In 1998, using a personal development tool called the Enneagram, I broke into my unconscious and started to clear its toxic contents. It’s taken me ever since to articulate it, but this is perhaps the First Law of the Unconscious: that which you make conscious cannot remain unconscious.

By this, I mean that once you understand that a certain piece of programming must exist in your unconscious—and you’re close enough to the truth—then that programming must let go and enter your conscious awareness. As it does so, all unprocessed (i.e., unfelt) pain associated with it must be felt. Simultaneously, all negative thoughts, feelings and behaviours associated with it must cease.

The First Law of the Unconscious, then, gives us a structured process for identifying, accessing, and emptying our unconscious.


By definition, the contents of our unconscious are, well, unconscious. They are impervious to rational examination. You cannot put them under the microscope. You cannot sit down and journal them. You cannot genome sequence them. They sit there, glowering, buried beneath a layer of unconscious shame, affecting our lives in many ways.

In Debugging the Universe, Laura Knight-Jadczyk describes the unconscious as “the realm from where our world manifests, in which are found unfathomable depths of the rejected, the unacknowledged, the unrecognised, the unknown and undeveloped elements of our existence.” In other words, what we repress.

Sigmund Freud, the ‘father of psychoanalysis’, saw repression as an unconscious mechanism for warding off socially dangerous impulses, i.e., those that violate prevailing social rules. He considered this “the corner-stone on which the whole structure of psychoanalysis rests.”

Cannot remain unconscious

The contents of our unconscious remain buried as long as we repress them.

As long as we allow the contents of our unconscious to remain repressed, they will do so. They will never budge by themselves.

As long as we allow the contents of our unconscious to remain repressed, they will do so. They will never budge by themselves.

However, they cannot remain unconscious if we choose to enter what early psychoanalyst Wilhelm Reich calls “the great realm of the unconscious.”


In The Psychopathology of Everyday Life (1901) Freud posited the idea of parapraxes, better known as Freudian slips, which are attempts by repressed impulses to break into conscious awareness. He termed this process the ‘return of the repressed’.

Freudian slips are usually thought of as spoken faux pas. I can remember, during a visit to Mount Orgeuil castle in Jersey, a lady reddening with embarrassment (i.e., shame) after mentioning the castle’s impressive fornications—oops—fortifications.

Freud had a much broader view of parapraxes, including not only supposed errors in speech but also of writing, memory, action, and chance events. The word parapraxes derives from the root para, which has multiple meanings including ‘incorrect’ or ‘abnormal’, and the Greek praxis, which means ‘doing’ or ‘a deed’.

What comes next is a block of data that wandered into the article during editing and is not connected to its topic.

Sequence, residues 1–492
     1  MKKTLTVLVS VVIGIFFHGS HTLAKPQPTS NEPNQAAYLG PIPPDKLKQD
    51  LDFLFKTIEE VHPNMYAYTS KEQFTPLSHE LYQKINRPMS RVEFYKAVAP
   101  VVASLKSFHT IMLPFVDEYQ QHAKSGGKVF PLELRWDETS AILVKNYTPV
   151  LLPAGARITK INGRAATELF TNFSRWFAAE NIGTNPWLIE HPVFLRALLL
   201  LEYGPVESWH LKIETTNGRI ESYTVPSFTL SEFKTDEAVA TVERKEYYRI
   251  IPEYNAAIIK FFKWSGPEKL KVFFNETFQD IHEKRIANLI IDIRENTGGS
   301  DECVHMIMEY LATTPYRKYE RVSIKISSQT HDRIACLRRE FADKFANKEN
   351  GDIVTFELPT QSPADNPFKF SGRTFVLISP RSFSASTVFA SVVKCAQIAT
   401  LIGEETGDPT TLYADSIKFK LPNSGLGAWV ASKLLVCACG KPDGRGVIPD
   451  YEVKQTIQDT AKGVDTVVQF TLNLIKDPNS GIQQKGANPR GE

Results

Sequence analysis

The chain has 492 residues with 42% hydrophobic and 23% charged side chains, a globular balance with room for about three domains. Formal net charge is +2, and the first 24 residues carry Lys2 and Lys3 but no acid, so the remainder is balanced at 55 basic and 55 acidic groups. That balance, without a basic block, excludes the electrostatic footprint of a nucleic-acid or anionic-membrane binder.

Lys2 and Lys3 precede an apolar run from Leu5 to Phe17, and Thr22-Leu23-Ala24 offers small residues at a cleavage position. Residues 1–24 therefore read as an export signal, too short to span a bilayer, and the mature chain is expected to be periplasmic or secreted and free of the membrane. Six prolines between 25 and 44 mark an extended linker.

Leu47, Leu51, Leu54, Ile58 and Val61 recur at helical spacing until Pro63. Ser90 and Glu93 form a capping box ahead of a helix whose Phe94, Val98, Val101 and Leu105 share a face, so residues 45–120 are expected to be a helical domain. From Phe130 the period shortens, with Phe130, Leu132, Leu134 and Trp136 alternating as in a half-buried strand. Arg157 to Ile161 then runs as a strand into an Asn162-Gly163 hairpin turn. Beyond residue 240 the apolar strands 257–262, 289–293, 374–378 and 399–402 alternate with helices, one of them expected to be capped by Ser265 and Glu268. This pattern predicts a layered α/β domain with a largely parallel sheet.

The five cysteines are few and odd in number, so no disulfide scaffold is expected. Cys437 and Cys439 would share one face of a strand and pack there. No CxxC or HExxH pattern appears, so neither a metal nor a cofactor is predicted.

What identifies these seemingly unrelated phenomena as parapraxes is “the ability to refer the phenomena to unwelcome, repressed, psychic material, which, though pushed away from consciousness, is nevertheless not robbed of all capacity to express itself.”

Freud is saying that Our lives are constant feedback loops. Our unconscious is constantly communicating with us through seemingly odd occurrences. We just need to look out for parapraxes to find the clues necessary to unravel our inner world.

The ‘inner observer’

What do these clues look like? They are always pain points—moments when life hands up something we don’t want. We feel a pang of pain, often almost undetectable. Our response is usually to brush it aside, ignore it, and look to replace it—smother is a better word—with something pleasurable.


Any kind of anaesthetic will do.

Sex, drugs, rock’n’roll. Alcohol. Food. Social media. Netflix bingeing. Porn, self-harm and other cyclical addictions. Wine o’clock. A week’s holiday in Spain. Now.

We do this because we’re desperate to believe there’s nothing in us that violates our society’s definition of acceptability. Anything that does, we’re ashamed of. Anything that we’re ashamed of, we repress. The mechanics of the unconscious are brutally simple.

You must go against this instinctive urge to avoid these pain-points. As Laura Knight-Jadczyk writes, “People do not realize that, in order to diminish darkness, they must focus on it.”

This focus is called your ‘inner observer’. It’s an internal ‘eye’ with which you scan your unconscious, feeling for pain that’s ready to come to the surface. It’s a muscle that develops with practice. I’ve written more about it in How to develop your ‘inner observer’.

The key to the unconscious is intentionality. The “great realm of the unconscious” is there for the taking. That which you make conscious cannot remain unconscious.

Photo by Bruno van der Kraan on Unsplash

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